As originally built, the Motherhouse contained large spaces that accommodated the postulants and novices who would spend their first two years at Rosary Hall before being sent out to do the ministry of the Order.  These spaces included a large dining room where the Rule of St. Augustine and the lives of the saints were read during meals and dormitory spaces for the not-yet-professed sisters.  Additional living and classroom spaces were on the first floor.  Within the building, the Sisters taught area immigrant children in addition to the postulants and novices.  A small group of orphans came with the Sisters in 1876 and when the Motherhouse opened there were approximately 60 orphans in the care of the Sisters at the site. This number eventually reached nearly 160. In the early part of the 20th Century, orphans were housed in Rosary Hall in a second floor dormitory space above the current laundry.  This was called the “Angels Dormitory” (Sister Sophia H., p.1) .  The Sisters went on to build additional orphanages off site and ran the facilities up until the 1940’s when group homes became the prevailing way of caring for orphans (See Appendix C-1). Throughout their history in the United States the Sisters of St. Dominic at Amityville taught in parish schools on Long Island and ran educational institutions of their own (See Appendix C-2).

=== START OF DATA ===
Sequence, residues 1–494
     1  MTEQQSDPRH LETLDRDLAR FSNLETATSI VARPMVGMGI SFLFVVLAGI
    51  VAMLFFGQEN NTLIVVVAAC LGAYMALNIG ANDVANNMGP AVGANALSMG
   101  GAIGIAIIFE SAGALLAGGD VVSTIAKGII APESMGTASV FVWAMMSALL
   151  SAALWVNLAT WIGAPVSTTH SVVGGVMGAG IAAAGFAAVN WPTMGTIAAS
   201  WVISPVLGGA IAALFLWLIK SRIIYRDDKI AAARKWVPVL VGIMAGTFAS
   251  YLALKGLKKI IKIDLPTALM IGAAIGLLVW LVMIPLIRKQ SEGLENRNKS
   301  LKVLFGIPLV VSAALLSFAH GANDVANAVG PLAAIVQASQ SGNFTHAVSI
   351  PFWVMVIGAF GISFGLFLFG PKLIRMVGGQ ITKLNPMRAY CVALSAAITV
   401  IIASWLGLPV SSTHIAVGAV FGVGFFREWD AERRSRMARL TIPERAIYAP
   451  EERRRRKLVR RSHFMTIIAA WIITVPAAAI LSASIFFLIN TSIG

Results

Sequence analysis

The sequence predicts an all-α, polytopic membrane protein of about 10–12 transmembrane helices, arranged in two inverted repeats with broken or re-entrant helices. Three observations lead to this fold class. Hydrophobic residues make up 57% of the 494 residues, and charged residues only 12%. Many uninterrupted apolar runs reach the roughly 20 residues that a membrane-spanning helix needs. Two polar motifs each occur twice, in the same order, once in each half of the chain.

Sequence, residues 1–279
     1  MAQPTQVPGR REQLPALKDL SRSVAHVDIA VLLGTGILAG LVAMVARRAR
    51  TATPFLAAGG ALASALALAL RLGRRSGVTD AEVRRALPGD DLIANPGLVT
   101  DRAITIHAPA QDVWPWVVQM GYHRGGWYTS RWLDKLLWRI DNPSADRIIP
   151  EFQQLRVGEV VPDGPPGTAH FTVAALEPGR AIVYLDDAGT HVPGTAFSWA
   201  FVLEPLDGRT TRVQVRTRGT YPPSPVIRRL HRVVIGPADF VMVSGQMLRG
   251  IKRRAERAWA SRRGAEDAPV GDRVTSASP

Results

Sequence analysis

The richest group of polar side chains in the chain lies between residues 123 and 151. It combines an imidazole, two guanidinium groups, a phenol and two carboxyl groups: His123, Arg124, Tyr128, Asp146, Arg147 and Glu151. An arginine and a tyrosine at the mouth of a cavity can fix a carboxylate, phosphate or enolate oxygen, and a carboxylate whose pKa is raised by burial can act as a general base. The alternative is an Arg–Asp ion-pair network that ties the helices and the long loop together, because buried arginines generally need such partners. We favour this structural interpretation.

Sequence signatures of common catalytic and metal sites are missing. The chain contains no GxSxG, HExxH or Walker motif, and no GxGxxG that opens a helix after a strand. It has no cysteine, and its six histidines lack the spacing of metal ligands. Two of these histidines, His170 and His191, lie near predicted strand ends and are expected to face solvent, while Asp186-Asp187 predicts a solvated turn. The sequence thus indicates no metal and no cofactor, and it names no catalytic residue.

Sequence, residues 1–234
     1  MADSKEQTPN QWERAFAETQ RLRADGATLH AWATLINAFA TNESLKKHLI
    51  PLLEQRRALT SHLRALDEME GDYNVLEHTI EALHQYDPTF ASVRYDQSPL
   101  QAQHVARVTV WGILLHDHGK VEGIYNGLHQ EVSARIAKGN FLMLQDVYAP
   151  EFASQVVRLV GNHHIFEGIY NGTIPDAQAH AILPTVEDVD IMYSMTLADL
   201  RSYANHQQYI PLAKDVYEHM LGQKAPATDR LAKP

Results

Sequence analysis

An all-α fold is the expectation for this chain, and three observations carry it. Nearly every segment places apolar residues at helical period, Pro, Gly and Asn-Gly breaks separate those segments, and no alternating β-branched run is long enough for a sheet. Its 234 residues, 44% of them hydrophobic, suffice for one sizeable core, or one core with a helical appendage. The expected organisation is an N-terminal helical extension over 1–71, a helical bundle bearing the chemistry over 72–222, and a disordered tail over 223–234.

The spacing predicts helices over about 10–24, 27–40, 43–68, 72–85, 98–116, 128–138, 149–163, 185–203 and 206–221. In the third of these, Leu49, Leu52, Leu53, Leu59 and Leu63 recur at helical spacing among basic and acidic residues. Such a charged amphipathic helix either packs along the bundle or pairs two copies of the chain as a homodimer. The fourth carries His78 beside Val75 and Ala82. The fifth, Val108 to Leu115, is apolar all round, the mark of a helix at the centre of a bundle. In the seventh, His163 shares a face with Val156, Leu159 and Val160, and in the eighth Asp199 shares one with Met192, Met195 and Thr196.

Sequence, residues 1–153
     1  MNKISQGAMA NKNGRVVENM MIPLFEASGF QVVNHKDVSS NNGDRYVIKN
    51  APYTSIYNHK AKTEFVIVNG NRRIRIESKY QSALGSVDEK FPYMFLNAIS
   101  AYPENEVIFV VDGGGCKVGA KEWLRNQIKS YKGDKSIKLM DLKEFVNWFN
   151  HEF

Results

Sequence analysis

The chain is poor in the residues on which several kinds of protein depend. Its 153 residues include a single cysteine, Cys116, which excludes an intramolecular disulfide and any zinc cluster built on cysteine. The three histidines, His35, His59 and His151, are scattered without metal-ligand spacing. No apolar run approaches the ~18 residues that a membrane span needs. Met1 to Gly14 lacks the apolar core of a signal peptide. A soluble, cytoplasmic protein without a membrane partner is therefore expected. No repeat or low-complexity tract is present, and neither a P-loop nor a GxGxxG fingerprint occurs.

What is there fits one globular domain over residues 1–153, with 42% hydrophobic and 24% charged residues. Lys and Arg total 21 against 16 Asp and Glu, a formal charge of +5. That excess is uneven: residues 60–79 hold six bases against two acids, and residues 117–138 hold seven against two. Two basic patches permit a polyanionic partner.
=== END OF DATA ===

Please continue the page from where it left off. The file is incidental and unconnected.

From their arrival in the United States until nearly 25 years after the building of Rosary Hall the Dominican Sisters at Amityville were Second Order Sisters, meaning that they lived a cloistered life of prayer and contemplation when not teaching or caring for the elderly.  The experience in America was one that showed a need for growth of the Catholic Faith in the vast new land and for this purpose it was decided that the Sisters would become Third Order, or “active” religious.  This occurred for the Amityville Dominicans in 1896 and allowed the Sisters to become more involved in the community and the lives of the immigrant families.